Saturday, October 13, 2012
Walsh had just entered “voluntary” retirement—he had been offered some westerns to be shot in Yugoslavia but turned them down—at the moment when Labarthe and Knapp went to film him in his Los Angeles home. All around the city was smoldering: the Watts riots had broken out just a few days before the crew’s arrival, and tensions were still high. Perhaps not coincidentally, Walsh’s conversation remains firmly in the past: his work with D.W. Griffith; his beginnings at Warner Brothers; his adventures with Bogart, Flynn, Gable and Cooper. Questions about his films—illustrated by clips from High Sierra, Gentleman Jim, White Heat, et al.—inevitably lead to memories for a man clearly more comfortable in Hollywood’s past than present. (62m)
Josef von Sternberg: From Silence Comes the Other/D’un silence l’autre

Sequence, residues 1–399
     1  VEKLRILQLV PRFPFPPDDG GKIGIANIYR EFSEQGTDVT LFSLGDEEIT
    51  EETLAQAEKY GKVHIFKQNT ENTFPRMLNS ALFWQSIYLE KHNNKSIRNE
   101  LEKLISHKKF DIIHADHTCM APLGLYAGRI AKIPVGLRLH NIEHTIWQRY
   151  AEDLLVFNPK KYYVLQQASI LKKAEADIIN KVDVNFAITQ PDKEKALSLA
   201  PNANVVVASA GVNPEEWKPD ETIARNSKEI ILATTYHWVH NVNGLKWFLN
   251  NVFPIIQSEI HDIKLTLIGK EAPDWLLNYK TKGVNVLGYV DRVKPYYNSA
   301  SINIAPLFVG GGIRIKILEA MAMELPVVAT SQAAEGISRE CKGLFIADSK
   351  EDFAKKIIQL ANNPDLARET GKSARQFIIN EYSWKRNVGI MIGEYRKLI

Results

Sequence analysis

André S. Labarthe | 1967 | France | 50m
In an article published in the French magazine Trafic, Labarthe recounted how, after arriving at Joseph von Sternberg’s hotel and setting up his camera and lights, the director began to adjust the lights, turning them or changing their intensity until he got the look he wanted. The interview itself follows suit: Von Sternberg speaks with great precision about his films, the importance of each composition, and his work with actors, yet there’s a note of sadness throughout. At the end of his career, the master director claims simply that his work was never really understood, neither by critics nor the public.
Images courtesy of THE KOBAL COLLECTION